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with the Old Testament; some of whom were so confident in this opinion, as to say, they would profess the Christian religion, if any one could reconcile the New Testament with the Old. I was the more grieved, beeause, (says this honest and well meaning man) I knew not how to apply a remedy to this evil.But the matter being of great importance, he 6 discoursed with several learned men about it, and read the books of others, being persuaded, that the authors of the books of the New Testament had written nothing but what was suited to the time wherein they lived; and that Christ, and his apostles had constantly followed the method of their ancestors. After he had long revolved this hypothesis in his mind, at last he met with a Rabbin well skilled in the Talmud, the Cabbala, and the Al, legorical books of the Jews. This Rabbin had once embraced the Christian religion, but was again relapsed to Judaism on account of the idolatry of the Papists, yet not perfectly disbelieving the integrity of the New Testament. Surenhusius asked him, what he thought of the passages of the Old Testament quoted in the New? Whether they were rightly quoted, or not? and whether the Jews had any just reason to cavil at them? and at the same time proposed to him two or three passages, which had very much exercised the most learned Christian commentators.

'The Rabbin having admirably explained those passages, to the great surprise of Surenhusius, and confirming his explications by several places of the Talmud, and other writings of the Jewish commentators, and allegorical writers. Surenhusius asked him what would be the best method to write a treatise in order to vindicate the passages of the Old Testament quoted in - the New? The Rabbin answered, that he thought the best way of succeeding in such an undertaking would be to peruse a great part of the Talmud, and the allegorical, and literal commentators; to observe their several ways of quoting, and interpreting Scripture, and to collect as many materials of that kind, as would be suffi. cient for that purpose.”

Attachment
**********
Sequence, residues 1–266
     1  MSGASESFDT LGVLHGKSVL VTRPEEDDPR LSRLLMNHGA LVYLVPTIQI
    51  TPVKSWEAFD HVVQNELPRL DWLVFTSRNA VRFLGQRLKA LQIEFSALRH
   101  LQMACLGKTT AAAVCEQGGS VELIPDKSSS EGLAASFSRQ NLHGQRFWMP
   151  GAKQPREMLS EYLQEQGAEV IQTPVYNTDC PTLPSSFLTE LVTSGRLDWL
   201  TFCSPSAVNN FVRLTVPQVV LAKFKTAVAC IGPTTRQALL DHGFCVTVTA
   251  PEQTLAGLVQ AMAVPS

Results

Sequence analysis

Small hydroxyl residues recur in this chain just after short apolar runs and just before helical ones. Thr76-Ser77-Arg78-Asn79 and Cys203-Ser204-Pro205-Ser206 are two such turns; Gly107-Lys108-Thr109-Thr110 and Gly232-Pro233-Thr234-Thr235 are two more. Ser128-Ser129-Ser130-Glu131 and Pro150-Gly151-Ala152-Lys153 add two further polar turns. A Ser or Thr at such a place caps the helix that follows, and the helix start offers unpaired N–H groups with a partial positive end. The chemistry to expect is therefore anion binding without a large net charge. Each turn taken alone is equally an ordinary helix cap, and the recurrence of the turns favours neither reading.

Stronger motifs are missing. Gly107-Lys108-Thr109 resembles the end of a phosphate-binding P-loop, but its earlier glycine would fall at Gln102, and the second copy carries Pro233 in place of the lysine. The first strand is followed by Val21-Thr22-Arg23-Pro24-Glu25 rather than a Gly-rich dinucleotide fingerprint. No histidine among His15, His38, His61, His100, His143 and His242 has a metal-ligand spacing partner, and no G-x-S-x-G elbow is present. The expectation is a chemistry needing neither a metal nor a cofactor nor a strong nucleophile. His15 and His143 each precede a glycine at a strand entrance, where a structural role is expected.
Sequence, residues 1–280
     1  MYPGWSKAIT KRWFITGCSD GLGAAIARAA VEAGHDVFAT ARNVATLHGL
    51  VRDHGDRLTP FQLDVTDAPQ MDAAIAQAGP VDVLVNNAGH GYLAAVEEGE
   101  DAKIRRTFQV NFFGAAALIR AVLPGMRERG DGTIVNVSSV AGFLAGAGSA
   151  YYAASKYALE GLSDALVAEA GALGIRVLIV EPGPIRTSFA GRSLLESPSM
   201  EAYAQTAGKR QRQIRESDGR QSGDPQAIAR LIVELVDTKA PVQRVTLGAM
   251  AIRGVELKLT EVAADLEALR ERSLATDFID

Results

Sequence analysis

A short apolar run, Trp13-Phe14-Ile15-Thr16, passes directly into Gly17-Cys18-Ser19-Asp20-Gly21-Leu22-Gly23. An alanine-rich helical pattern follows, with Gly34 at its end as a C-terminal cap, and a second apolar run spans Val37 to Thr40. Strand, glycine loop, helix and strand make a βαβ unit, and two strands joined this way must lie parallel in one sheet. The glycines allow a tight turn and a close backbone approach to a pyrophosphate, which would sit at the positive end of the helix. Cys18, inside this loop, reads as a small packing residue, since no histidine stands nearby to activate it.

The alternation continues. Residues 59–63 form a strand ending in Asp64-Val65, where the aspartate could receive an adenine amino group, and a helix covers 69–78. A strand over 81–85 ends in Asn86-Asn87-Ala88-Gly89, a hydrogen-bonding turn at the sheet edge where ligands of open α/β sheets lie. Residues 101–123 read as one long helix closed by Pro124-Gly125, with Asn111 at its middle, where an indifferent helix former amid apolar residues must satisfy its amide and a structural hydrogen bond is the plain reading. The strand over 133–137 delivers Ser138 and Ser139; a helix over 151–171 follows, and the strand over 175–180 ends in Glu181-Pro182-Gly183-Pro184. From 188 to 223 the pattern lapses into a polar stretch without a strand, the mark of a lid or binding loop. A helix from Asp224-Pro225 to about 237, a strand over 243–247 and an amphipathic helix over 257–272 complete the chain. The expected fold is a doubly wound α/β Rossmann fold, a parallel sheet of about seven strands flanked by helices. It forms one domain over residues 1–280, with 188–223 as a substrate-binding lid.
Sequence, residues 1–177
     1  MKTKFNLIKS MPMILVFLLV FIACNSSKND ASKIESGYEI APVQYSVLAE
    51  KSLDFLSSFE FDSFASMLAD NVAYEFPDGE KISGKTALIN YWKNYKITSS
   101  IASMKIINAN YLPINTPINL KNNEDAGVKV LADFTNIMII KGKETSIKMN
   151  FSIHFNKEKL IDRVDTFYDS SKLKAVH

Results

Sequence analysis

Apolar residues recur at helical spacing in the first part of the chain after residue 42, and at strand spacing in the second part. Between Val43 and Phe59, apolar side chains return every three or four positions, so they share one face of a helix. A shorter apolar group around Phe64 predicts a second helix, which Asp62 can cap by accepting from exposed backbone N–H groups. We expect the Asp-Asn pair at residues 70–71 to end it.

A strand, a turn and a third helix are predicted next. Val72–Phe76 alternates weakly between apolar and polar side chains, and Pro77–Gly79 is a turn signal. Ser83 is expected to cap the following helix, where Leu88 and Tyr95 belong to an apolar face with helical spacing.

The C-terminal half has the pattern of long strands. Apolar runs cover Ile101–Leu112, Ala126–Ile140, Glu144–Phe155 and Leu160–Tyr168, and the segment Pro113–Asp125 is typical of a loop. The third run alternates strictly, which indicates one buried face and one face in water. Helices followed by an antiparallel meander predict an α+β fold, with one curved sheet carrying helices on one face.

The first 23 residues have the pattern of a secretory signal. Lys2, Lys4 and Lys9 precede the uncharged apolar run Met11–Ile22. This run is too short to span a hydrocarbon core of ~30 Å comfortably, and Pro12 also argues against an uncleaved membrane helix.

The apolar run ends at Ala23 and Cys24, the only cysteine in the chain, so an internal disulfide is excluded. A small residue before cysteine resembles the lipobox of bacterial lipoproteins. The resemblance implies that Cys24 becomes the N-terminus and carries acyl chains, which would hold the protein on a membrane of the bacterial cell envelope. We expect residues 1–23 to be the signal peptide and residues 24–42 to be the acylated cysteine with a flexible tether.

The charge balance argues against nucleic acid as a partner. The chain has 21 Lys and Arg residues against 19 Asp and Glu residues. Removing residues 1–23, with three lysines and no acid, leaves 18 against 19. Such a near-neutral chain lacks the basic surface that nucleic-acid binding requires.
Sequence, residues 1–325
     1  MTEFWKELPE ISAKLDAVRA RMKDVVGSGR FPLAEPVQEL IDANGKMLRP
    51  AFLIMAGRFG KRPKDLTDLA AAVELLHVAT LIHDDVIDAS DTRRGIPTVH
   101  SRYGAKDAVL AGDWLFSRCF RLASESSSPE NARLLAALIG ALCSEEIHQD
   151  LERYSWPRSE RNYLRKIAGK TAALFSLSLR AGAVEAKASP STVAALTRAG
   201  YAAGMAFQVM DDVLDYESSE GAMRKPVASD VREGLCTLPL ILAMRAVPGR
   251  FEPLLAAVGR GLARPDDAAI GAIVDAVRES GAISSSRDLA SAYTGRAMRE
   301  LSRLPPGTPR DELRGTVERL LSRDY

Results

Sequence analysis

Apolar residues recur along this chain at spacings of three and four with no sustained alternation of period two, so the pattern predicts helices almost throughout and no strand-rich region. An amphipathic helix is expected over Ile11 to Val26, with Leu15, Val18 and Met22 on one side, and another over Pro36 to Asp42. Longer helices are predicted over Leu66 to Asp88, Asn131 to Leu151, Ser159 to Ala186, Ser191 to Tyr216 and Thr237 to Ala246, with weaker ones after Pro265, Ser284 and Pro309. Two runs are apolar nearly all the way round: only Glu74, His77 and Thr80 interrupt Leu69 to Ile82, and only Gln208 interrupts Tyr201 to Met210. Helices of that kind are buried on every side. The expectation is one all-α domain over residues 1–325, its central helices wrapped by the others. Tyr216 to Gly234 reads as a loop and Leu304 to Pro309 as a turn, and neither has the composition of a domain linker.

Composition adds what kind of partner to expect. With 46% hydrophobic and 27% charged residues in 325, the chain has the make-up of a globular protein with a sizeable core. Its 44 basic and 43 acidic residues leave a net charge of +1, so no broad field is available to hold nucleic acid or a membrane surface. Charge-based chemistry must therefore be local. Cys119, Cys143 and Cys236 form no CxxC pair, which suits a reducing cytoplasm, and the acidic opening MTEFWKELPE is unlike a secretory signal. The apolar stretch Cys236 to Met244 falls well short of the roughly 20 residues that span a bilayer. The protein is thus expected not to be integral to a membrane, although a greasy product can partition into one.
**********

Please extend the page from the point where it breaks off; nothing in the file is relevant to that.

Surenhusius took the hint immediately: he read such books as were recommended, observed every thing that

might be subservient to his design, and made a book upon the subject. And in the third part of that book he gives us the rules so long sought after, viz. the ten ways used, he says, by the Jewish doctors in citing Scripture. And here they are.

1. The first rule is_ reading the words of the Hebrew Bible, not according to the points placed under them, but according to other points substituted in their stead,” as is done by Peter, Acts iii. 3; by Stephen, Acts vii. 43, and by Paul, 1 Cor. xv. 54; 2 Cor. viii. 15, and Heb. iii. 10; ix. 21 ; xii. 6. .

2. The second rule is changing the letters, whether those letters be of the same organ (as the Hebrew grammarians speak, or not,” as is done by Paul, Rom. ix. 33; 1 Cor. xi. 9; Heb. viii. 9, and x. 5; and by Stephen, Acts vii. 43.

3. The third is—6 changing both letters and points," as is done by Paul, Acts xiii. 41, and 2 Cor. viii. 15.

4. The fourth is—" adding some letters, and taking away others."

5. The fifth is transposing words and letters.” 6. The sixth is_dividing one word into two."

7. The seventh isadding other words to those in the text, in order to make the sense more clear, and to accommodate it to the subject they are upon.” .

8. The eighth is— changing the order of words."